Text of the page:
I watched as Arwenerindil Hathuldin closed her eyes, how a smile seemed to form on her face, how she did not open her eyes once more. I watched as I was too late too save her. I watched as the one I wanted to save most was beyond my grasp, how I'd failed to save her. For a long time I kneeled beside her, holding her in my arms, stroking her raven-black hair. Tears streamed down my cheeks, and I knew my face would be a wet moss green from crying. Arwenerindil had died. Blaxioadda had escaped. At last I set her down and stood up. I felt a familiar hand on my shoulder, and I turned around to see Laokothwyn, the selkie. His eyes met mine, and all at once I knew he loved me. I picked up my sword. The battle had ended. A few Elves wearing the Salonnwyn colors rushed up with a horse and rode away with Arwenerindil. They would bury her in Imladdriln, and while they did so I would be at the funeral, watching as my dead sister sunk into the grass and disappeared. Sathold and Elafango came up to me. Elafango would be mine now. Laokothwyn, not having a horse at hand, mounted Sathold. I would have let him ride Elafango, but I figured in her grief Elafango would prefer one who was particularly close to Arwenerindil, as I was. We rode in silence, until at last we came to the shores of Ithaliad. Elafango meekly wandered off, and Sathold followed her to try to comfort the poor mare. Laokothwyn stepped into the water, and I followed him. We waded deep until at last we dove forward into open sea, and I watched as Laokothwyn shifted into a seal, gracefully curving with the tide. I watched in amazement as I myself turned into a white harp seal, forgetting sadness in my pure joy just to be in the water. My breathing steadied, and I twisted and curved and turned and sped after the Selkie. At last we swam back to the shore. My body began to change back to an Elf, and Laokothwyn back to man. I stepped close to him, and he held out his hand to me. Suddenly, the sky became vivid with golden light. A large white pegasus descended from the sky. The rider was clothed in white, his hair fair and golden, his eyes flickering green. It was E'menost, God of Creation. In his arms was a bundle of blue and green. As the pegasus landed, he held the bundle out to me. I took it, my heart beating fast. I unwrapped the cloth, and lying there was a baby. She had silvery-golden hair, like the Sun and Moon united. Her eyes were all the colors of the sea: blue, green, white, black, violet. She had little freckles across her nose on her thin face. She looked up at me, her eyes wild with delight. I looked at E'menost. His voice clear and powerful, the Creation God announced,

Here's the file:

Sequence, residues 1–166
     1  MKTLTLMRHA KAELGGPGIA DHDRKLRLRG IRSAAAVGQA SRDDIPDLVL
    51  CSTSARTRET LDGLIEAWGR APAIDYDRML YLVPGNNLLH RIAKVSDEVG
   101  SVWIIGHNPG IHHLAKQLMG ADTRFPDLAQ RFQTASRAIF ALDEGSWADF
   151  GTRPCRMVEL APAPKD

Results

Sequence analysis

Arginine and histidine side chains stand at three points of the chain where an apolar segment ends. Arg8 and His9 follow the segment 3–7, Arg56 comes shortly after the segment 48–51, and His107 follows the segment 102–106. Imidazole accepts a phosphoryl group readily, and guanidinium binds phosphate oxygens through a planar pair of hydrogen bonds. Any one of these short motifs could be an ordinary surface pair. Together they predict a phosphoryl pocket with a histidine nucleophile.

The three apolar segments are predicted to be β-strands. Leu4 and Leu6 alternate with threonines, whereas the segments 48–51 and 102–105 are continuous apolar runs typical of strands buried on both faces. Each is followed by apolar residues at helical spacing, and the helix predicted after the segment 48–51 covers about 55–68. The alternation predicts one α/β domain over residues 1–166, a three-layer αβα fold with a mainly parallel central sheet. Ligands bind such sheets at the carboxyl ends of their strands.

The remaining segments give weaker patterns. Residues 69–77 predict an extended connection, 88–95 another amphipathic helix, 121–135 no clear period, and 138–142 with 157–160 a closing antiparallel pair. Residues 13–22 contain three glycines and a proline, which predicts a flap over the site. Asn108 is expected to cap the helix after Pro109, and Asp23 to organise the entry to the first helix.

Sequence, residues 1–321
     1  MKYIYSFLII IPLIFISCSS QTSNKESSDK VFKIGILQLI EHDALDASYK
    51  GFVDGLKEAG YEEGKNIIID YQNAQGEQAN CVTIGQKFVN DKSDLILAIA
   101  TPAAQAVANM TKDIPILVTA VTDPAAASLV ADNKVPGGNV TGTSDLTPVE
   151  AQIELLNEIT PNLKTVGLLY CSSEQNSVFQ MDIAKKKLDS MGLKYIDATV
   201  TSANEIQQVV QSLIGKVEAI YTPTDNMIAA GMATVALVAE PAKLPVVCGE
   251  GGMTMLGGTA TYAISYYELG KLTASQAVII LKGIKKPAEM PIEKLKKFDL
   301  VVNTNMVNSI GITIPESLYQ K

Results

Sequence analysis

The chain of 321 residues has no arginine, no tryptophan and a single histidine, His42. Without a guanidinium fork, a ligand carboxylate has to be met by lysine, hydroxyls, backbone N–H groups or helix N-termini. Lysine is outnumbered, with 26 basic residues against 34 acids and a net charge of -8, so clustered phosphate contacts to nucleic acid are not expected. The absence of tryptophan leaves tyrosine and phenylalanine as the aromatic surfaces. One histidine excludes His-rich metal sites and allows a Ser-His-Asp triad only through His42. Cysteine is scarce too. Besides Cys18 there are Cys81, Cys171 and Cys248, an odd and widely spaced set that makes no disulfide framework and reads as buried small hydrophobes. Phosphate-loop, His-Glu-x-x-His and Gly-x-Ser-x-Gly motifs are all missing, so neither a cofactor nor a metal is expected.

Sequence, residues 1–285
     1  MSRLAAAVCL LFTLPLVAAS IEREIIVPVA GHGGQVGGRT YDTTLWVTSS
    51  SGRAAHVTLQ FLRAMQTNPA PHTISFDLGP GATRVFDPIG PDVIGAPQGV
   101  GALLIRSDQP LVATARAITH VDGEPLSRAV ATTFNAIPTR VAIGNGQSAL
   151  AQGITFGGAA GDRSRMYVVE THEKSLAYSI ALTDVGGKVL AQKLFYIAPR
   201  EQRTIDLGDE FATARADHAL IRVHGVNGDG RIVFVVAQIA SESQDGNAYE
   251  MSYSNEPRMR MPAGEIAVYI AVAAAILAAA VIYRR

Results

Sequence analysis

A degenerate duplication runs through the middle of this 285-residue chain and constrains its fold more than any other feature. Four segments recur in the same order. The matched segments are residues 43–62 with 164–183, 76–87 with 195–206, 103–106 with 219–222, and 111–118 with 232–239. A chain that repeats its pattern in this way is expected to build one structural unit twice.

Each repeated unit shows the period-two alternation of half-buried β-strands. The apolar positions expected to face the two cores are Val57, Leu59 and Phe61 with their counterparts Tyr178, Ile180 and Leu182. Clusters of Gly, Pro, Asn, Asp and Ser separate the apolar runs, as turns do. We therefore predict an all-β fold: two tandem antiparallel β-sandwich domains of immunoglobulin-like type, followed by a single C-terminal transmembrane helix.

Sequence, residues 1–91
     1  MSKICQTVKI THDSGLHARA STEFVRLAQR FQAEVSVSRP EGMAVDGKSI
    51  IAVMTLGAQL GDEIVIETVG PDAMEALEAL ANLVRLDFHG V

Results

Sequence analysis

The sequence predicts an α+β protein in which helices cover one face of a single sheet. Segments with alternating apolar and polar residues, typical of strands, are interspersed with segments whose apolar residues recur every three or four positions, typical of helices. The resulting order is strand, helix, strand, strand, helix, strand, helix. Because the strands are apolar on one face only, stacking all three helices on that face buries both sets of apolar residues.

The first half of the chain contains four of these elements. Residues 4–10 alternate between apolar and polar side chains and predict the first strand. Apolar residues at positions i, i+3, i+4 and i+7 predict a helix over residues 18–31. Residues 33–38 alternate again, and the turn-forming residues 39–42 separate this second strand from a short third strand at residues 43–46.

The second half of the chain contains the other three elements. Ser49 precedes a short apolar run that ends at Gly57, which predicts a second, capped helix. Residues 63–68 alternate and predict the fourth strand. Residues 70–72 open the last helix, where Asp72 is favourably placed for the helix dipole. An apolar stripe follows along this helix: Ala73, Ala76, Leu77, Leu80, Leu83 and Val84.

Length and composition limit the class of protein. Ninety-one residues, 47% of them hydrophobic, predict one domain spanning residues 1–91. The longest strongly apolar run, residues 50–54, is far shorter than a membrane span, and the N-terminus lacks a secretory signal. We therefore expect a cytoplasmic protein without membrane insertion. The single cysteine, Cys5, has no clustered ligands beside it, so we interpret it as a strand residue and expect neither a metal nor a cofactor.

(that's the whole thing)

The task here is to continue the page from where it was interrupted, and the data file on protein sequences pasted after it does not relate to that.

"She is the Goddess of Survival, so her Goddess name is Emenwyn. It is prophesized that she will be the one to destroy Blaxioadda. She has inherited both your wilderness skills and her father's love of the water."

    The amazed Selkie walked over and watched his new daughter in admiration. "What should we name her?" I asked him. He thought about it for a moment.

   "Lyra," he said finally, "Her name will be Lyra, for in the World of the Selkies, the name Lyra means 'Child of Land and Sea'."

     We stood there for what seemed a long time in awe of the newborn Lyra Emenwyn. E'menost remounted the pegasus. Just before he flew off, he said,

   "Remember this, for it is very important. As long as that child lives, hope can always be found."